By Dr. Sarah Lazarus

Cough and cold medicines are commonly used, and can be dangerous. Per the FDA (Food and Drug Administration) website, these products include decongestants, expectorants, antihistamines, and antitussives. These medicines are often used in an attempt for parents to relieve their children’s coughs, colds, and allergies.

Multiple studies have shown that there is little clinical advantage between the use of placebos and cold and cough medicines in very young children. These studies have shown that cough and cold medicines do not improve sleep, or quiet cough. In fact, the dangerous side effects outweigh any benefits.

Thousands of children are treated in emergency departments every year due to secondary side effects from cough medicines. Ingredients such as pseudoephedrine, have even been linked to a number of deaths. Reasons children may experience side effects from these medications may include receiving too much medication, receiving medication too frequently, or receiving multiple cough medications containing the same ingredient.

The FDA recommends (also stated as warnings per their website) that over-the-counter cough and cold products not be used in infants or children under the age of two years. In 2008, manufacturers voluntarily re-labeled cough and cold products to state “do not use in children under four years of age”. Unfortunately, parents of children in this age range still report use of this medication. In a study done at Children’s Healthcare of Atlanta in conjunction with Emory University, the authors found that out of 65 caregivers of children under the age of six surveyed in an urban pediatric emergency department, 82% stated they would treat their children’s current symptoms with cough or cold medicines. In the demonstration portion of the study, 70% of caregivers chose medicines containing phenylephrine and 58% of caregivers would have dosed medications inappropriately per dosing recommendation labels in spite of having the bottles with associated instructions readily available. Interestingly, 20% of caregivers stated that they had previously received recommendations to give cough or cold medicines from health care providers (pediatricians, nurses and pharmacists). The majority of the potential dosing errors that were made involved giving these medications to children who were younger than the label’s recommended age for the product.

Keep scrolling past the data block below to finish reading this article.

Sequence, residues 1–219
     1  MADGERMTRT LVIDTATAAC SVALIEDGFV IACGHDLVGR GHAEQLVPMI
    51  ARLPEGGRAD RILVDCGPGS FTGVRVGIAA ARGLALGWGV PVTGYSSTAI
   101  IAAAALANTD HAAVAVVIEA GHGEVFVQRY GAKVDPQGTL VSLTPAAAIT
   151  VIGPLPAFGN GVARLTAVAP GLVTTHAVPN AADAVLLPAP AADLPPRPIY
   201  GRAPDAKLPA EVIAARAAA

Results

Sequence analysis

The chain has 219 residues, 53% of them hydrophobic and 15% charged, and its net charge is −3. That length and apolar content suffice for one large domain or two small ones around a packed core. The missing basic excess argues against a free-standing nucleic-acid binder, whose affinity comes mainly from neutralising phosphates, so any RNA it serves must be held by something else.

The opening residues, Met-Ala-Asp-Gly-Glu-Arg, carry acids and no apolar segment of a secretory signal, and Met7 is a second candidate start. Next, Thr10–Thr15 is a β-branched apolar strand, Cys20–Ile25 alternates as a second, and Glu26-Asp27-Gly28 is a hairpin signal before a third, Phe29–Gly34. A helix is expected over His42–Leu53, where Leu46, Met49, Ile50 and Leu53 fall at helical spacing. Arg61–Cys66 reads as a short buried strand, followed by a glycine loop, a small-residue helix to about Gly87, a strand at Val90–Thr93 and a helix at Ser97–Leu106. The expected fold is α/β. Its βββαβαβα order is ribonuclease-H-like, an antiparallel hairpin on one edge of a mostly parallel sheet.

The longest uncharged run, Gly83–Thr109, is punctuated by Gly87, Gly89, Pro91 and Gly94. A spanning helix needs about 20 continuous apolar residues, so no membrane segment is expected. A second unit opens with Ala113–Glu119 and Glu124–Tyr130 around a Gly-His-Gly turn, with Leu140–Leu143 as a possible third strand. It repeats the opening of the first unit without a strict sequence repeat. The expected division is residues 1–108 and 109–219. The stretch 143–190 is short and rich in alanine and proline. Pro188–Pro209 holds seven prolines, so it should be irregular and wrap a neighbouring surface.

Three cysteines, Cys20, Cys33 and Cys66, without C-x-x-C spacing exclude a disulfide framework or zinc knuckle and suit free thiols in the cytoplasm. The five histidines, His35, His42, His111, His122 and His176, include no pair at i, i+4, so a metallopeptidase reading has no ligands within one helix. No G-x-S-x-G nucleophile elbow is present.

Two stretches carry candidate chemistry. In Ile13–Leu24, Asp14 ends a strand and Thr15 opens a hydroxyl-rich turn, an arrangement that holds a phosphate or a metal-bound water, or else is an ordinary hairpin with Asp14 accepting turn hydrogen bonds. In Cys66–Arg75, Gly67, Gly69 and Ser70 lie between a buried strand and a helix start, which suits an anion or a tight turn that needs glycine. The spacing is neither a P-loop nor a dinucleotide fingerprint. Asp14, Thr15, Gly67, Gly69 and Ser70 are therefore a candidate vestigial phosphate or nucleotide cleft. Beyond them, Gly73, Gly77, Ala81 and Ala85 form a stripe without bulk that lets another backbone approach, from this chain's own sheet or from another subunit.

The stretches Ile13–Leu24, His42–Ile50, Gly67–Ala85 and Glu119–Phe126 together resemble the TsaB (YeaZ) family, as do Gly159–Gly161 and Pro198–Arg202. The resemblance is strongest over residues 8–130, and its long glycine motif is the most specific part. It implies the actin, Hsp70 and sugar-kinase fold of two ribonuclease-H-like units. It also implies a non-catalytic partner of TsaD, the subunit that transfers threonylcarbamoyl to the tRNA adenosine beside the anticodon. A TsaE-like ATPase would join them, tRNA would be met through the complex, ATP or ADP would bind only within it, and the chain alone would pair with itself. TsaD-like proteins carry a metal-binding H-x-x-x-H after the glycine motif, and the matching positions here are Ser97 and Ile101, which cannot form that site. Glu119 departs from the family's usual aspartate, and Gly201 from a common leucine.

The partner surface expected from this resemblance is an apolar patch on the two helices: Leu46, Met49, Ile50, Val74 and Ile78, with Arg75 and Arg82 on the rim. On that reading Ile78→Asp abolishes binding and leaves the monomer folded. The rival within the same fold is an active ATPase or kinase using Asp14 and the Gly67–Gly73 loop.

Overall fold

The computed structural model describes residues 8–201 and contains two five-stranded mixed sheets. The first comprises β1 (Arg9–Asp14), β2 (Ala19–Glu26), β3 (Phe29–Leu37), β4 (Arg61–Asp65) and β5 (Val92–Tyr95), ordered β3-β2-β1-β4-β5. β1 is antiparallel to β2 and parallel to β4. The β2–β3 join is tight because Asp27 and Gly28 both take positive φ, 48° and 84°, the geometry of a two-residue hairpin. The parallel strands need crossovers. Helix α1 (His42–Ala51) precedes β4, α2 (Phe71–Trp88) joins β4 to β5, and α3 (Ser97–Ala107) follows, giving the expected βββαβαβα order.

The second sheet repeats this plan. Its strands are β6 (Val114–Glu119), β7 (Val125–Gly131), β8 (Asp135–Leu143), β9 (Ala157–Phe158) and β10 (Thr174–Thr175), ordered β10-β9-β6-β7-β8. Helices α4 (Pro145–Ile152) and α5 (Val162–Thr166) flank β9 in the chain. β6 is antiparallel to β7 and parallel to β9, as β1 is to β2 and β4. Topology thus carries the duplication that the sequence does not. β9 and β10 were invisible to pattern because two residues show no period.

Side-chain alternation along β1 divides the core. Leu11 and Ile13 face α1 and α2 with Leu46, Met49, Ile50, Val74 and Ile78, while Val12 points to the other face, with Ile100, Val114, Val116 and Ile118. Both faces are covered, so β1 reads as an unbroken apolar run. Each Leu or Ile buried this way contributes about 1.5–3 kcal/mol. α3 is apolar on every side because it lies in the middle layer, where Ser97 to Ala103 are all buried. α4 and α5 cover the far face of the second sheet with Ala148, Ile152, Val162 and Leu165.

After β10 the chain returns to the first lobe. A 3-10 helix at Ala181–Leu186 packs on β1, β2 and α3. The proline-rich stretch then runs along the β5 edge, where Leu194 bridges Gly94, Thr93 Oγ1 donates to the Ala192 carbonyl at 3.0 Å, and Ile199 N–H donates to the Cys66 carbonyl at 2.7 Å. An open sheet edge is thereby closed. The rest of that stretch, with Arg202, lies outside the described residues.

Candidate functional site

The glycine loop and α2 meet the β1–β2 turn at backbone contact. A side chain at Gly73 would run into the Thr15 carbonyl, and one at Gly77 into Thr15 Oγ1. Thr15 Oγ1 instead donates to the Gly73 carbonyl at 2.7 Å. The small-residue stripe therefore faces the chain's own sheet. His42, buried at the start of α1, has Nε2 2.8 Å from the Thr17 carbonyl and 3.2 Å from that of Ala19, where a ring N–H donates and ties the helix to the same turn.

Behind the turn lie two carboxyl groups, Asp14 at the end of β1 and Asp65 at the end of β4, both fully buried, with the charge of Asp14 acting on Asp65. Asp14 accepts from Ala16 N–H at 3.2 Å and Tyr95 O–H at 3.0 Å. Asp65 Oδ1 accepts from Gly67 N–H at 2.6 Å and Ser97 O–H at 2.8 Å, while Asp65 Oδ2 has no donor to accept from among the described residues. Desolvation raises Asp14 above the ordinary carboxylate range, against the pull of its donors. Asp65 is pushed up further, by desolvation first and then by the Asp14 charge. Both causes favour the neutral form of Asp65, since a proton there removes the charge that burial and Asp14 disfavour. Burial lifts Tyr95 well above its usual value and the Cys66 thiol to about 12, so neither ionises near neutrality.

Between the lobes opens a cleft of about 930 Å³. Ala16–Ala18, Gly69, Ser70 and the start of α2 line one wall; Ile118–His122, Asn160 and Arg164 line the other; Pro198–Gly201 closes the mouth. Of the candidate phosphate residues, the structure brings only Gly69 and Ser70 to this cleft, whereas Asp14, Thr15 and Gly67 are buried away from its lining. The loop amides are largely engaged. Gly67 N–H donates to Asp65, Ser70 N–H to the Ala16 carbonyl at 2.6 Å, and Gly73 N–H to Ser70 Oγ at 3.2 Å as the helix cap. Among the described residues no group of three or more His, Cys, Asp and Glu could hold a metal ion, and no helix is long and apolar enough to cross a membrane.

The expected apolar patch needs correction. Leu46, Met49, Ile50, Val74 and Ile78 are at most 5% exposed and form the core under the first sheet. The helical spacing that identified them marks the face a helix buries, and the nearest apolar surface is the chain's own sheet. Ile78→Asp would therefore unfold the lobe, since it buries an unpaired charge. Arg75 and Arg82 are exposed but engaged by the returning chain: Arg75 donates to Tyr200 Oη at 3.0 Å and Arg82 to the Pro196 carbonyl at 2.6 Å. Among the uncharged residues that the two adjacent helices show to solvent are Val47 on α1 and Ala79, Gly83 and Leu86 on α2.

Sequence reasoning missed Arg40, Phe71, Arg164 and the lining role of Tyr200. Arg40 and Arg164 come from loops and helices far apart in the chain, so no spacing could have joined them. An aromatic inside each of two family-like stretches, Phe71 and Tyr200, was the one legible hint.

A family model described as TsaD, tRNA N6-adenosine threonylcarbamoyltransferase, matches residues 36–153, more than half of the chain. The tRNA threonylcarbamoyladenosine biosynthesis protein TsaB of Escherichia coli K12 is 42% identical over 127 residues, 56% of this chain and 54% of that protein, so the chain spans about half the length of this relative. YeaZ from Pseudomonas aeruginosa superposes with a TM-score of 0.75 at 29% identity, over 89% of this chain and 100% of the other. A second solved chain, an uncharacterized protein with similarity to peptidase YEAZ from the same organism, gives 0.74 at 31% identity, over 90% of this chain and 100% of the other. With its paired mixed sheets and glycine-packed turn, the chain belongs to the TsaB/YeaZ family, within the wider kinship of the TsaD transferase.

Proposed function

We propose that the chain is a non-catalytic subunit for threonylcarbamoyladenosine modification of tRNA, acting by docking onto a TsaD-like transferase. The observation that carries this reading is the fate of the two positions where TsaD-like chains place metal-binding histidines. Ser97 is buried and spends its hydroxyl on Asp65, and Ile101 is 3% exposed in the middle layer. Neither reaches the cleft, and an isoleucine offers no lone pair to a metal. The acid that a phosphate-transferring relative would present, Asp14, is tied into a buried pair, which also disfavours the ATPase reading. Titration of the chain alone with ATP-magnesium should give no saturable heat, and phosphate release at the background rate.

Parents and caregivers should follow the directions on labels closely regarding the indications, use and delivery of these medicines. It is important that parents and caregivers only use the measuring spoons or cups that come with the medicine. Often, parents will use a teaspoon, tablespoon or other household object to measure out these medications, and it is important to note that these are not calibrated measuring devices and may deliver inaccurate or inappropriate amounts of these medicines. These medications do not quiet cough, do not improve sleep, and are not any better than a placebo (non-active medicine) for children in the improvement of cough and cold symptoms. Per the American Academy of Pediatrics, other alternatives to cold and cough medicines include honey (2-5 ml as needed by mouth) for children over the age of twelve months. Under twelve months, honey is not considered safe (due to risk of botulism). Using a bulb suction with or without saline drops, may also help with congestion in children even younger than 12 months. Often, cold and cough symptoms are caused by viruses, so symptoms should improve in about 5-7 days without any medications.

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